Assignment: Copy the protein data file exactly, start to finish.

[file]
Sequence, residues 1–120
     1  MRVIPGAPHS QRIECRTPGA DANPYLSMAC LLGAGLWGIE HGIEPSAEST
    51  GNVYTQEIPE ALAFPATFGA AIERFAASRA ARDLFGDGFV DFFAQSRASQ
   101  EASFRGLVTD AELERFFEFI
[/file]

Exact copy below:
Sequence, residues 1–120
     1  MRVIPGAPHS QRIECRTPGA DANPYLSMAC LLGAGLWGIE HGIEPSAEST
    51  GNVYTQEIPE ALAFPATFGA AIERFAASRA ARDLFGDGFV DFFAQSRASQ
   101  EASFRGLVTD AELERFFEFI